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All that glisters is indeed gold, as a rare nugget returns to Snee museum

Professors hold gold specimen
Frank DiMeo/University Photography
John M. Bird, left, professor of earth and atmospheric sciences, and William A. Bassett, professor emeritus of earth and atmospheric sciences, show a gold specimen that recently was returned to the department for display in the Timothy N. Heasley Mineralogical Museum in Snee Hall.

After two decades, a fine gold specimen has come home. But instead of forming a Tiffany necklace, it will rest permanently in a special display case in the mineralogical museum in Cornell's Snee Hall.

The nugget, a rare and valuable piece of naturally crystallized gold, like a cluster of sparkling, yellow rosettes about four inches in diameter, came from California gold country in the mid-19th century. It was once part of the collection of the Department of Geological Sciences, now the Department of Earth and Atmospheric Sciences. In 1984 it was presented to benefactor Katherine Snee at the dedication of the department's new home, Snee Hall. Snee's late husband, William, had financed the building's construction.

After Katherine Snee's death last year, her nephew, Paul Heasley, following her instructions, donated the piece back to the department's Timothy N. Heasley Mineralogical Museum, as a memorial to the Snee family. Timothy Heasley is another of Katherine Snee's nephews.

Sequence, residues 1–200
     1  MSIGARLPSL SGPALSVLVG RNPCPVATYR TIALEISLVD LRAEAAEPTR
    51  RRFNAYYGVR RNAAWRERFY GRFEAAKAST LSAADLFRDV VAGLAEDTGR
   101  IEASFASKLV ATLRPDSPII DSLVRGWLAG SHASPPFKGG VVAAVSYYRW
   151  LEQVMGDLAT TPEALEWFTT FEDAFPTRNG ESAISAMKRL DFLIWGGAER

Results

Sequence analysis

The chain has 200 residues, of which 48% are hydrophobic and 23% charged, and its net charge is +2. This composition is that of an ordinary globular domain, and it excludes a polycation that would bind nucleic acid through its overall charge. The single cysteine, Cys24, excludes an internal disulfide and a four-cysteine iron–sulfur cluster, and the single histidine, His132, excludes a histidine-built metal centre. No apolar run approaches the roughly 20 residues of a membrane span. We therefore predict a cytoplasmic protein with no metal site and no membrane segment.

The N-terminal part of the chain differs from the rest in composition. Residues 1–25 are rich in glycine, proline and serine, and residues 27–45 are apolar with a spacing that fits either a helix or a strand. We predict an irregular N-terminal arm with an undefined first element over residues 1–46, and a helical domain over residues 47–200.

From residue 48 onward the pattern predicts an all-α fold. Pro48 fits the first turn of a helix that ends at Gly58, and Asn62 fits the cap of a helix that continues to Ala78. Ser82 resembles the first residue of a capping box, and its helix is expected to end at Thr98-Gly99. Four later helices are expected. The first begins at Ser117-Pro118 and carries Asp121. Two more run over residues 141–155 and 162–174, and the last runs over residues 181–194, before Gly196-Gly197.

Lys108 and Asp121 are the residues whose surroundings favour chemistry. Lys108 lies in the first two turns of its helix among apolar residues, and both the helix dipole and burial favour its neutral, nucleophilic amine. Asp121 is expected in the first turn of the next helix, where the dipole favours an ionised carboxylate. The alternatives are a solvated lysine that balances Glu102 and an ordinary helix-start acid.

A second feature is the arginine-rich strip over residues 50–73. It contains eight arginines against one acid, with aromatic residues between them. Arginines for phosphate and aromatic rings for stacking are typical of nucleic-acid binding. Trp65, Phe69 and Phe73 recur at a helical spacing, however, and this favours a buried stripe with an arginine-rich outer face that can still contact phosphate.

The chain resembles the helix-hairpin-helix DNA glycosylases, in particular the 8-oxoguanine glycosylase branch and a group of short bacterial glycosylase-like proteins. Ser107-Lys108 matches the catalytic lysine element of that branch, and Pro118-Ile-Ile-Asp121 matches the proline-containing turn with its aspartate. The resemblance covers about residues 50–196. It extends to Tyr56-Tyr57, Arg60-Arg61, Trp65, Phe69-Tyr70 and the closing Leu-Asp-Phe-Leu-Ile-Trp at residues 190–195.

The gold will remain part of the Benjamin Silliman Jr. Collection. Silliman, a professor of chemistry and mineralogy at Yale University, was a 19th-century pioneer of earth sciences and a noted collector of minerals and fossils. He also is credited with the development of a technique for distilling crude oil, which helped give rise to the petroleum industry. 

The nugget is the largest in the department's fine collection of gold, collected by Silliman on various expeditions to the Western United States. This specimen was collected in 1865 from the Spanish Dry Diggings of Amador County, Calif.

Gold veins are formed as the precious metal is carried in natural hot solutions under pressure and then deposited in cracks in rock as the liquid slowly cools. This process results in the slow formation of crystals with regular geometrical shapes. Most gold mining today uses chemicals to extract gold from very large volumes of rock that have very low concentrations of gold. As a result, specimens of rare beauty are becoming increasingly hard to find. "These unusual specimens just keep getting rarer and rarer," said John Bird, professor of earth and atmospheric sciences, who selected the nugget as a gift for Katherine Snee at the time of the building dedication. "The fact that it is a Silliman specimen makes it a collector's item." 

"As a specimen, it's a very fine piece, a very interesting piece," said William Bassett, professor emeritus of earth and atmospheric sciences and curator of the Heasley mineralogical museum. "It is the nicest specimen of gold from a very fine collection that has been with the department for many years." 

Bassett's own research deals with experiments in the formation of crystals from solutions at high temperatures and pressures. Specimens like the Silliman gold have scientific value, he said, as they can yield insight into how processes of crystallization take place. As for monetary value, the gold's worth far exceeds the value of the metal alone.

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